News of the missing delivery trucks piques the interest of Joyce Manning (Sally Fraser). She's Glenn's kid sister and stubbornly refuses to believe he's dead. She arranges a meeting with both Swanson and the stolid Maj. Mark Baird (Roger Price) to see if they can help find her behemoth of a brother. Unfortunately, all Swanson wants to do is drink and bitch about how the insurance company won't reimburse him for his missing truck. Baird, on the other hand, seems more interested in scoring a date with Joyce (she wisely turns him down). After the gentlemen depart, Joyce heads down to Guavas to confer with kindly Sgt. Murillo.

Fortified by a generous supply of hooch, Sally Fraser (as Joyce Manning) summons the courage to beg her agent to get her out of "War of the Colossal Beast".

When Joyce arrives in town, poor Miguel is having one of his screaming fits. Kindly Sgt. Murillo recognizes the words "giant" and "ogre" in Miguel's rant, which means he spotted you-know-who. Together with Maj. Baird, specialist Dr. Carmichael (Russ Bender), Joyce and kindly Sgt. Murillo head to the hills in search of Glenn. When they find a huge footprint in the mud, Dr. Carmichael (a real wet blanket) surmises that such an imprint could only be made by someone "about 60 feet tall."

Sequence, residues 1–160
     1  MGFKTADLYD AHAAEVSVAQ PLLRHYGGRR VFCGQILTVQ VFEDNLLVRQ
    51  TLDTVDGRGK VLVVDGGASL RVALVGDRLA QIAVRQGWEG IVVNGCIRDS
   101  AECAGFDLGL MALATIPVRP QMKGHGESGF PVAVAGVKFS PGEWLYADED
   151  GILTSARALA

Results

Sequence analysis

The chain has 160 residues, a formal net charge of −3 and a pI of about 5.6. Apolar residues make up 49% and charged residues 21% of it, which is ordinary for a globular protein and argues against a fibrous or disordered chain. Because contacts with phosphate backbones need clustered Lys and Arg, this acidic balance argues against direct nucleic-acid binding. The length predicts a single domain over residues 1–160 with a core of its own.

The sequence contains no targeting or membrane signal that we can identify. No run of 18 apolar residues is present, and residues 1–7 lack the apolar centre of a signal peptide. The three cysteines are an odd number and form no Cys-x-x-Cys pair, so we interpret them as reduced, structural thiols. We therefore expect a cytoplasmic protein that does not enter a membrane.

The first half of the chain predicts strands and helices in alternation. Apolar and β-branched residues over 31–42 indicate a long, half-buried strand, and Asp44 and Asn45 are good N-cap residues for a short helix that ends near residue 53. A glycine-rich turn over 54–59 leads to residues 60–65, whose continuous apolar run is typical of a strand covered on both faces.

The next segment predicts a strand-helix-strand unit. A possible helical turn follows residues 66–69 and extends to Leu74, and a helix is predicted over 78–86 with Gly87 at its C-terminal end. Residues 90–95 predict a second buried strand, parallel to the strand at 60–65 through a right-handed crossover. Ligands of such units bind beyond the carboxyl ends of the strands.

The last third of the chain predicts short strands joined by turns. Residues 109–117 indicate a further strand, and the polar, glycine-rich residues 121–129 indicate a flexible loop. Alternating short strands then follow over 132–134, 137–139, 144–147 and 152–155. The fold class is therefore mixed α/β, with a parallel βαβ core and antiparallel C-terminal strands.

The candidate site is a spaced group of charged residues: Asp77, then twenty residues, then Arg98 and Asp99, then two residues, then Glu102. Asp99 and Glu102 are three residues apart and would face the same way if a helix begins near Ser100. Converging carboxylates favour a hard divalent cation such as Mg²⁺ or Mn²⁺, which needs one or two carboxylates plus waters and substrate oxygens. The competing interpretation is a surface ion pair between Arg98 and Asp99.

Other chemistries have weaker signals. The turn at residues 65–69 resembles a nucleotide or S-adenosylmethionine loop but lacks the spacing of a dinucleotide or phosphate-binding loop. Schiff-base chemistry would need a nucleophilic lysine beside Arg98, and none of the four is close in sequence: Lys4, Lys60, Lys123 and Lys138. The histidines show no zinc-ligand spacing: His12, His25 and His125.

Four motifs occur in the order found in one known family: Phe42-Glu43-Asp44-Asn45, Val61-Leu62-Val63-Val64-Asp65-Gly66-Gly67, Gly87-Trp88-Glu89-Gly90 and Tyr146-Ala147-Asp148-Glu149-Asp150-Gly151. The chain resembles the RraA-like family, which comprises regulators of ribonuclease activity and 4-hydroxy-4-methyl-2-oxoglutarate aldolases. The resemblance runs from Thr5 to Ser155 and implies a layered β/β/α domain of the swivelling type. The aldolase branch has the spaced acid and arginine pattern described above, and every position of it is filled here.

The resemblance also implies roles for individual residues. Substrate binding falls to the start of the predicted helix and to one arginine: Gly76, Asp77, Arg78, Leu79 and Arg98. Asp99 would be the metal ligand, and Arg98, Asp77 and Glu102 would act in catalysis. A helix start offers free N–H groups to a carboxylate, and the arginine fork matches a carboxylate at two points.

"Glenn is 60 feet tall!" Joyce exclaims.

In fact, when Maj. Baird and Joyce return to the mountains later, they not only find the remains of all the delivery trucks Glenn had been poaching, they find Glenn, too. He's still bald as a billiard ball, but one side of his face has caved in, exposing buck teeth and an eye-socket minus a peeper. His shoulder also sports a nasty scar. Psychologically, poor Glenn has been reduced to grunting and growling like a rabid Doberman to express his needs. On the plus side, his diet of delivery food has not played havoc with his figure and his sarong appears in good repair.

To capture the massive major, the military loads a truck with doped-up French bread. Kindly Sgt. Murillo drives the truck, with Baird and Carmichael riding shot-gun. When the doctor complains about his fast pace, kindly Sgt. Murillo reminds him, "Giants can run fast. They have long legs!"

And big feet. After the men bail out of the truck, Glenn appears and gobbles up the laced bread. Then he spots the trio hiding behind a rock. Glenn staggers off after them, squishing kindly Sgt. Murillo flat as a pancake (eww) before collapsing in a heap.

"Is this Glutton free?": Glenn gleefully attacks the decoy bread truck.